eyes wide open, looking around the room at the old louisville general hospital. not knowing the life that awaited him. the life he would make. the world he would shake up, and the people he would inspire. and like you, i am absolutely one of those people. muhammad ali belongs to the world, but he only has one hometown. [ applause ] the louisville lip spoke to everyone. but we heard him in a way no one else could. as our brother, our uncle, and our inspiration. and i am so grateful that i had the chance to know him and see how he leveraged his fame to share his message of love, peace
and compassion. what the champ would want us to do right now is to spread that same message, follow his example, and live by the same six core principles that he lived by. confidence, conviction, dedication, giving, respect, and spirituality. i would like to close with muhammad's words which carried just as much grace and power as his fists ever did. this comes from his book "the soul of a butterfly, reflections on life's journey." quote, it doesn't matter whether you're a muslim, a christian, or a jew. when you believe in god, you should believe that all people are part of one family. if you love god, you can't love only some of his children. he believed passionately in the need for us all to keep our eyes, our minds, and our hearts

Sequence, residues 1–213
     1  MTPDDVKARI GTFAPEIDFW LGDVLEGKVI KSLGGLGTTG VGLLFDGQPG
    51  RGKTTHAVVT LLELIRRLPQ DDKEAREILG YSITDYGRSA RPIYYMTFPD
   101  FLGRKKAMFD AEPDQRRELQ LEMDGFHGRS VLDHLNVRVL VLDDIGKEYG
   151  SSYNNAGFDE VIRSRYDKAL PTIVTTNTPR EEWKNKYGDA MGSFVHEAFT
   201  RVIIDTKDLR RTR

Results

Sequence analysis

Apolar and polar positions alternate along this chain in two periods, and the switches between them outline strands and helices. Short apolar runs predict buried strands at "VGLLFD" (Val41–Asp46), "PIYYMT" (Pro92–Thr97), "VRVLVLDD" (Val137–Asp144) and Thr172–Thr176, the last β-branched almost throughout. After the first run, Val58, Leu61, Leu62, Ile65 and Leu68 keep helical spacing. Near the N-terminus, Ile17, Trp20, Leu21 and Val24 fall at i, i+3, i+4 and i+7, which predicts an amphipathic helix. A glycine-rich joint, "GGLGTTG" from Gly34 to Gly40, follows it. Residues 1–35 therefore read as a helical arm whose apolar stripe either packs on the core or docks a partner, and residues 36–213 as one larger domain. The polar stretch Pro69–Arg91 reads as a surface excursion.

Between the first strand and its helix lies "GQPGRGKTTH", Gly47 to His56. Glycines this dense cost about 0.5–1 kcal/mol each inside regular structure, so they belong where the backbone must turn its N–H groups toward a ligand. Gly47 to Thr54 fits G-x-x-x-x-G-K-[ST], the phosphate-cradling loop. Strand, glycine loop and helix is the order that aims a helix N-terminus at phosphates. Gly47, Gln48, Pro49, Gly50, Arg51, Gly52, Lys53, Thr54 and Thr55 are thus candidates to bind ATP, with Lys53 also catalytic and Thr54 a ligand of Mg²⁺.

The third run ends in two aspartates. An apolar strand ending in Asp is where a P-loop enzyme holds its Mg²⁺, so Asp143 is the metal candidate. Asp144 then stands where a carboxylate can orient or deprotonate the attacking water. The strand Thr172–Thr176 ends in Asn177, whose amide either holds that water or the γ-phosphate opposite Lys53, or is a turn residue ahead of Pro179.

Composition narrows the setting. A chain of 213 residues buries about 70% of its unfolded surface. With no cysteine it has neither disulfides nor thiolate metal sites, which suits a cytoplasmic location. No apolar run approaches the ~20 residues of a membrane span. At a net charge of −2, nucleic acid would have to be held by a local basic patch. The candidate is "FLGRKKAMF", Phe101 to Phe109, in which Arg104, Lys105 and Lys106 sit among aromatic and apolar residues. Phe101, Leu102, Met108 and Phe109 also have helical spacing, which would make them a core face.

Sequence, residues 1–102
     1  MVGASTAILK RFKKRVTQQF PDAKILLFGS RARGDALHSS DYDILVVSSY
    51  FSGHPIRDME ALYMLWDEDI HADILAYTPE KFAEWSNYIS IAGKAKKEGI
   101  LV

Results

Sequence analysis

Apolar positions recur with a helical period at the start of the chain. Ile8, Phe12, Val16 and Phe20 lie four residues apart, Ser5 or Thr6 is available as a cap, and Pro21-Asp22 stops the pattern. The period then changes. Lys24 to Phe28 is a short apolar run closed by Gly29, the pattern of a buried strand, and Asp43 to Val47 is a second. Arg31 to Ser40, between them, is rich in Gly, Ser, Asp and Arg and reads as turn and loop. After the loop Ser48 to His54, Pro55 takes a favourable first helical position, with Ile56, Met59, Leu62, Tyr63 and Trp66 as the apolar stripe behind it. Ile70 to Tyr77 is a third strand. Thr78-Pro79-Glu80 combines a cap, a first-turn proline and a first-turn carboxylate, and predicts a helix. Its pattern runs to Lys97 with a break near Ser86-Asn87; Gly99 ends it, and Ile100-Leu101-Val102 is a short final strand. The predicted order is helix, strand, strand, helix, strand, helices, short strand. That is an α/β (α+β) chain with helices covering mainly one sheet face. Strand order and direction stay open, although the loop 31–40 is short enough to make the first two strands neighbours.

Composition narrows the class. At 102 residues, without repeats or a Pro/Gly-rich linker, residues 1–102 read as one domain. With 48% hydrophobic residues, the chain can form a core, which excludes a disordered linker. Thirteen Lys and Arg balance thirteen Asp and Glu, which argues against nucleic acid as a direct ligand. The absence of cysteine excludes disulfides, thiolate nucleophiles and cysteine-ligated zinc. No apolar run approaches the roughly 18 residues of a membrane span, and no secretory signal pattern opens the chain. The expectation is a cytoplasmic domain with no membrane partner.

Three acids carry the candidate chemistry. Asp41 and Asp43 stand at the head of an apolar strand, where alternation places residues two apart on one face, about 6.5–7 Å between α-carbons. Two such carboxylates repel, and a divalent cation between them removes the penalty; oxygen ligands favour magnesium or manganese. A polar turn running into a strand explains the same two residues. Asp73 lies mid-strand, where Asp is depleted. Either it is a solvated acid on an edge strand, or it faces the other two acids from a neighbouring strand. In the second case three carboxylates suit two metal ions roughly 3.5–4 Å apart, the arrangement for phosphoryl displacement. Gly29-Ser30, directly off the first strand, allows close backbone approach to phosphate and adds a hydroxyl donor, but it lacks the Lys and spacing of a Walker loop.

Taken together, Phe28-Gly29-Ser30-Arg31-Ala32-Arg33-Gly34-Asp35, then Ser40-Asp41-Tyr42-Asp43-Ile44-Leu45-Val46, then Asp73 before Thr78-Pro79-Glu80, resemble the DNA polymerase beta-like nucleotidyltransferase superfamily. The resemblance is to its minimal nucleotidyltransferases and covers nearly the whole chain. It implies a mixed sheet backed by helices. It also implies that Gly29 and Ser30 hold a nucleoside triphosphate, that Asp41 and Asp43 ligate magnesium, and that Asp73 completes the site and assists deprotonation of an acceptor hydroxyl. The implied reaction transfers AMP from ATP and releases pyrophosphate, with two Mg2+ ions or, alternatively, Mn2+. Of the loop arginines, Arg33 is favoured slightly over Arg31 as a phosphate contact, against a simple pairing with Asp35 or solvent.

open so we can keep learning from each other. as he said, my soul has grown over the years, and some of my views have changed. as long as i am alive, i will continue to try to understand more because the work of the heart is never done. we all remember that incredible moment in 1996 when the champ held that burning torch in his trembling hands and lit the olympic flame in atlanta. and now, he has passed that torch to us. while there can only be one muhammad ali, his journey from grand avenue to global icon serves as a reminder that there are young people with the potential for greatness in the houses and neighborhoods all over our city, our nation, and our world. there is no limit to what our
kids can do if we help them realize their full human potential. [ applause ] and there is no excuse for us to do anything less than our best to help them find that greatness in themselves. that's how we become champions. muhammad ali has shown us the way. today we, his fellow louisvillens join the billions whose lives he touched worldwide in mourning his passing, celebrating his legacy and saying, thank you, muhammad, for everything you've given to your hometown, your country, and your world. to close our ceremony and honor the life of muhammad ali, the louisville metro police will now present the colors of the united